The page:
Author Steven Johnson certainly has a fun take on pop culture: he argues that it’s making us smarter!
But before you burn your Hemingway, buy the complete first season of the CW hit series The Vampire Diaries and expect your IQ to skyrocket, you should understand where he’s coming from.
His book Everything Bad is Good For You is a compelling argument that the popular culture of recent decades has grown in complexity and demands much more cognitive labor from the public than ever before. Johnson demonstrates how today’s pop culture forms such as movies and TV shows give us many of the cognitive benefits that we traditionally associate with reading, such as following multiple threads and complex narrative techniques.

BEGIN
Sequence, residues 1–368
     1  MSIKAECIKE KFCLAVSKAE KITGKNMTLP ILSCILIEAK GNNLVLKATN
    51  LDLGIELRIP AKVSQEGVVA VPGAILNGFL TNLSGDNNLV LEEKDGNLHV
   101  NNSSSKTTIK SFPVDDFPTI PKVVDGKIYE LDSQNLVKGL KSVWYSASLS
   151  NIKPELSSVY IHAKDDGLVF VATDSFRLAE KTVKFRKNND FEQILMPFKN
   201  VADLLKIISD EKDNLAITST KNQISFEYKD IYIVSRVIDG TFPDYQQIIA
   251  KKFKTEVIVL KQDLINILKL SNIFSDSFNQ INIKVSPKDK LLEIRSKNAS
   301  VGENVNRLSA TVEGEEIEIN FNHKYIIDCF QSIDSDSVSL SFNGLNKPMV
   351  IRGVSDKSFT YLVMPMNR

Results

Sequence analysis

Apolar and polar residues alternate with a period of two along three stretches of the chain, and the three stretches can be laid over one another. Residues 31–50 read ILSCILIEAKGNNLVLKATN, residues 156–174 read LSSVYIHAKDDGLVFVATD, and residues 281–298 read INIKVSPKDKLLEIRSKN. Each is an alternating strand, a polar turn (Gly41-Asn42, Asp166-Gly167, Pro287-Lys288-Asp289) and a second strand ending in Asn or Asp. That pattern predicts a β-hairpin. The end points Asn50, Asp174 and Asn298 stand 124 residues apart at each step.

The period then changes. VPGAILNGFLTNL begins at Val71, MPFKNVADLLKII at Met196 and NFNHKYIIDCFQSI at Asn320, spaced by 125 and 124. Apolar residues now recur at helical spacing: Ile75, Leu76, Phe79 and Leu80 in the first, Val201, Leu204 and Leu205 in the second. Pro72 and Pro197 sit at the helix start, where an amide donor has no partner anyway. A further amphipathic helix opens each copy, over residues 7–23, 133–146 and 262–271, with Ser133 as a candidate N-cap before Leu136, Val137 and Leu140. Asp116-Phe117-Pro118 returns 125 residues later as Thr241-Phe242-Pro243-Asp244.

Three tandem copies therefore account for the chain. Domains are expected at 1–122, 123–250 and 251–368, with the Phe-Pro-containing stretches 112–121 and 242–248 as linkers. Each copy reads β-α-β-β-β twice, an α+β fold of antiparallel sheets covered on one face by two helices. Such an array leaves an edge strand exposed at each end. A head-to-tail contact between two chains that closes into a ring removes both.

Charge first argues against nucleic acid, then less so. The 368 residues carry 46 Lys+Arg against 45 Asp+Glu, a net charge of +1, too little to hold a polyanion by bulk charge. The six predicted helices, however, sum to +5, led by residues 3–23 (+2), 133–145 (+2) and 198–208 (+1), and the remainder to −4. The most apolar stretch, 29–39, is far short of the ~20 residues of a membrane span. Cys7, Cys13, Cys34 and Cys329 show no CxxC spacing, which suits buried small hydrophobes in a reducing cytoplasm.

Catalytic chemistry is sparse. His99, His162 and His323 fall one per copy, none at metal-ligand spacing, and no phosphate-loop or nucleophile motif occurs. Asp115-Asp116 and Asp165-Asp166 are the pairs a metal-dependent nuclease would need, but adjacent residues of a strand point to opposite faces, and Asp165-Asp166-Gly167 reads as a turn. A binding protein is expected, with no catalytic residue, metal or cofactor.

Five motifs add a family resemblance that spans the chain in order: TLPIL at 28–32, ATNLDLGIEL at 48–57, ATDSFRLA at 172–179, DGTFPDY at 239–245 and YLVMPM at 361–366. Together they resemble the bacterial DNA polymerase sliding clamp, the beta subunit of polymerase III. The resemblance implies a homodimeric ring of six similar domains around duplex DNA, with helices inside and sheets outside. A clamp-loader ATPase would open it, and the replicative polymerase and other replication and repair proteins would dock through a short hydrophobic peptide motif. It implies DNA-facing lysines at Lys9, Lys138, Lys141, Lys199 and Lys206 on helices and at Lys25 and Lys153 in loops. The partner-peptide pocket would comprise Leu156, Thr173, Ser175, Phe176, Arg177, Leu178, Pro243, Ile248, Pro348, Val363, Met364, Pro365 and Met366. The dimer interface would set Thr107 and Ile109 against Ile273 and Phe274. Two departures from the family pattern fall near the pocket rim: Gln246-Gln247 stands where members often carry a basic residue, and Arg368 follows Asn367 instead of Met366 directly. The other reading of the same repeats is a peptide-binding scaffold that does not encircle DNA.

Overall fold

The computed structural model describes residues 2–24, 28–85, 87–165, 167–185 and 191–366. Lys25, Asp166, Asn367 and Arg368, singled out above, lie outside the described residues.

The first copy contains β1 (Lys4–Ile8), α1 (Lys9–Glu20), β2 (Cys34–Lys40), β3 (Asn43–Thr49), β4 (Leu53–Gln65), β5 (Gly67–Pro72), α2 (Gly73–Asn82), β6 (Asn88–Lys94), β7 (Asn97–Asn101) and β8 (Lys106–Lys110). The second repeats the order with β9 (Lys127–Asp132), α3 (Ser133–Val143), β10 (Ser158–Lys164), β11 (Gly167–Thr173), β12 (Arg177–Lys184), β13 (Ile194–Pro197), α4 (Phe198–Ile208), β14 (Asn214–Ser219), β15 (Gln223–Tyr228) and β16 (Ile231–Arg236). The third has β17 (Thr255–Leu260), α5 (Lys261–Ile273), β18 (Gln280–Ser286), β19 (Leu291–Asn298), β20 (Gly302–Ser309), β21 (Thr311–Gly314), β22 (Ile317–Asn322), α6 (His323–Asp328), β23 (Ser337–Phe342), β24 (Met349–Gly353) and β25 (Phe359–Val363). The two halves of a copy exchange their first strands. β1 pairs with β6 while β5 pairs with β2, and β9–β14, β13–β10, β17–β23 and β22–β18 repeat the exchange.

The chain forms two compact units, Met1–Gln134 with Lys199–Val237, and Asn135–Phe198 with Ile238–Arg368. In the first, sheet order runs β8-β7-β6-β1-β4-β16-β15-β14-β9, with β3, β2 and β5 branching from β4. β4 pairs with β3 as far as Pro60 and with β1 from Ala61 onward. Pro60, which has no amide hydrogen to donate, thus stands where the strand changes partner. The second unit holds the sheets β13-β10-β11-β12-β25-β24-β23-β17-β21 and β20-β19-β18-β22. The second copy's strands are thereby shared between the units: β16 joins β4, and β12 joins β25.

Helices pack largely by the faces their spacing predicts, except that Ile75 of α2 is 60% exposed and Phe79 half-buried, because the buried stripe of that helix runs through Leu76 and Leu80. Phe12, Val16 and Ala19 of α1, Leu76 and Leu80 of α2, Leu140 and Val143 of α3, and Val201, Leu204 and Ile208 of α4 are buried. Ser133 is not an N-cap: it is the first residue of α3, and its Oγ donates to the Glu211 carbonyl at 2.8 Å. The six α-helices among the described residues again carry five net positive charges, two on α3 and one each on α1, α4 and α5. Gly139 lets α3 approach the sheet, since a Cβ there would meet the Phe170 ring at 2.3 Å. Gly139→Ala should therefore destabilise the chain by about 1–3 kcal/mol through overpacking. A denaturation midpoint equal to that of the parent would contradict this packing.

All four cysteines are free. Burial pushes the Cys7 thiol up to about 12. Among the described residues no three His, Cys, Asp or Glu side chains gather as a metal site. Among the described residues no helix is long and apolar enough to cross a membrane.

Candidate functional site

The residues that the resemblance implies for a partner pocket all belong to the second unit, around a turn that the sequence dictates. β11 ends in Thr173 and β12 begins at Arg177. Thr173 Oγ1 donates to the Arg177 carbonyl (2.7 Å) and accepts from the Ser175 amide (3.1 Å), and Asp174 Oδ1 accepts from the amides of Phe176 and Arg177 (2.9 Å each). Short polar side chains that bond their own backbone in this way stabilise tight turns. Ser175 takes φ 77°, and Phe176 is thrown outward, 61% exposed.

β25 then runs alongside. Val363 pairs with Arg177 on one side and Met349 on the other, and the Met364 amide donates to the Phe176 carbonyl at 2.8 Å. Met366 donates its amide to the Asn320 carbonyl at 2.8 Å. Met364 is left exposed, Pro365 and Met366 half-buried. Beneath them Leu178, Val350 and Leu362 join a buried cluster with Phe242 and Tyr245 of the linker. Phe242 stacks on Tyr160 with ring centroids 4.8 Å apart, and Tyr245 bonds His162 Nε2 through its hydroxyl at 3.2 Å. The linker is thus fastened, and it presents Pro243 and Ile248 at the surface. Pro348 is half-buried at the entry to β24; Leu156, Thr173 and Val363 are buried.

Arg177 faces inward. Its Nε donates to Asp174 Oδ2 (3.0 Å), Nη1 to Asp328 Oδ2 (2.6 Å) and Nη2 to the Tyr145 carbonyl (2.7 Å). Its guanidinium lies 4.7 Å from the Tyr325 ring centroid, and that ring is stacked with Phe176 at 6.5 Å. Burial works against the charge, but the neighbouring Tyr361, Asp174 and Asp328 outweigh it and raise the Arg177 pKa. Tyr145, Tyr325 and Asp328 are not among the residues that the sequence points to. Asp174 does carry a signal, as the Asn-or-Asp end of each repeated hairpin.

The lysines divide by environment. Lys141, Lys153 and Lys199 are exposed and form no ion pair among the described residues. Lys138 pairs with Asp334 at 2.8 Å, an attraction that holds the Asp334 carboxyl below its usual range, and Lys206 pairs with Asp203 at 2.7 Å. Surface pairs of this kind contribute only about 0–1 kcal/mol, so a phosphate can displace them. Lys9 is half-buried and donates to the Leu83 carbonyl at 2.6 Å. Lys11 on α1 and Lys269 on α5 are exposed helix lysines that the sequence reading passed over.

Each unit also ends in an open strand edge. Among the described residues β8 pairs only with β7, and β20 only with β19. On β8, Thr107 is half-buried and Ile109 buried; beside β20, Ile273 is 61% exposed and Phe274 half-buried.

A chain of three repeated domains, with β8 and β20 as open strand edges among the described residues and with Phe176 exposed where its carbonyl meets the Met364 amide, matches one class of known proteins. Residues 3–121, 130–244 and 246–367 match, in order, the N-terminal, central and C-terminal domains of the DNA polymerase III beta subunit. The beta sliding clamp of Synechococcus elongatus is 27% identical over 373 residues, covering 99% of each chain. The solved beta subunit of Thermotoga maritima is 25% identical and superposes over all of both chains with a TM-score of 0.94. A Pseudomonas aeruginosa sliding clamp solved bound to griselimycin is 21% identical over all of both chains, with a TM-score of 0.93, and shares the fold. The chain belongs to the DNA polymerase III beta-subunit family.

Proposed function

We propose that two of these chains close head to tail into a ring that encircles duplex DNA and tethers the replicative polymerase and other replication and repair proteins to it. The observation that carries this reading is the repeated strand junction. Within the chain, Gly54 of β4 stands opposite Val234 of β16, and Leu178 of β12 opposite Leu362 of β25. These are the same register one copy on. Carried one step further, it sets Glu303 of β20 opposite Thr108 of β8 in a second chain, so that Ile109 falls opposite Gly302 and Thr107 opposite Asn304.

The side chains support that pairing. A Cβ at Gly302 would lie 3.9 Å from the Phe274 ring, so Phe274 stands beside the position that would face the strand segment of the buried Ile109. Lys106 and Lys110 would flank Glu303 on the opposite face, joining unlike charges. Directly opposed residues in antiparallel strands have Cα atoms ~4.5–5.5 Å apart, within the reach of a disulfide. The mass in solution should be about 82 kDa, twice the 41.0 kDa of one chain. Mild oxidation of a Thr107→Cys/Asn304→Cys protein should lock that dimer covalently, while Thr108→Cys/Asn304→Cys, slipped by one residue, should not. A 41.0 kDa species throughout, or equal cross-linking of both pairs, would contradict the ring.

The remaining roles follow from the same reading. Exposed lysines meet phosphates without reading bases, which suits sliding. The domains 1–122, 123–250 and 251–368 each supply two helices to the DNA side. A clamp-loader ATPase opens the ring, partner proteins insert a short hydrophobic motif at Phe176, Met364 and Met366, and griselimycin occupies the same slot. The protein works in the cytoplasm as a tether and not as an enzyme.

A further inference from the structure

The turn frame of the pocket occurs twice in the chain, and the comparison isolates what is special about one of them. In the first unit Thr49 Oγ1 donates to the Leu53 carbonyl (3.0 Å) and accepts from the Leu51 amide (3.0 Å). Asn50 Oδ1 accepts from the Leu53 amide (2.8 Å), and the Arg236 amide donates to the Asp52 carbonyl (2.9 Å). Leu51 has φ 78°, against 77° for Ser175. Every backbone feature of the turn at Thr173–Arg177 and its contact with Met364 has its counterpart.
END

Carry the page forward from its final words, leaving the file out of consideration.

This will come as a relief to viewers who have had to labor through awkward conversations with friends after an episode of 24 or Mad Men, struggling to hide the fact that they had no idea what just happened.
Johnson even takes it a step further and shows us that how video games and the internet are sharpening new mental skills, including problem solving, guesswork and emotional IQ.
Pop culture gets a bad rep these days, and we’ve all heard reports of how younger generations love nothing more than to sit around gawking at a glowing screen while their brains rot. But anyone familiar with today’s popular shows or gaming culture knows how complex these forms actually are. Johnson goes beyond simple cultural critique and into the realm of neuroscience in order to support some of his claims.
Johnson doesn’t mean to say that today’s pop culture is aesthetically on par with works of great literature; instead, he urges us to evaluate the mental exercise required when determining if it is “good” or “bad” for us.
Still, I wonder what he would say about the Family Guy episode in which Stewie uses the pages ripped out of Brian’s Dostoyevsky to make the fort from F Troop.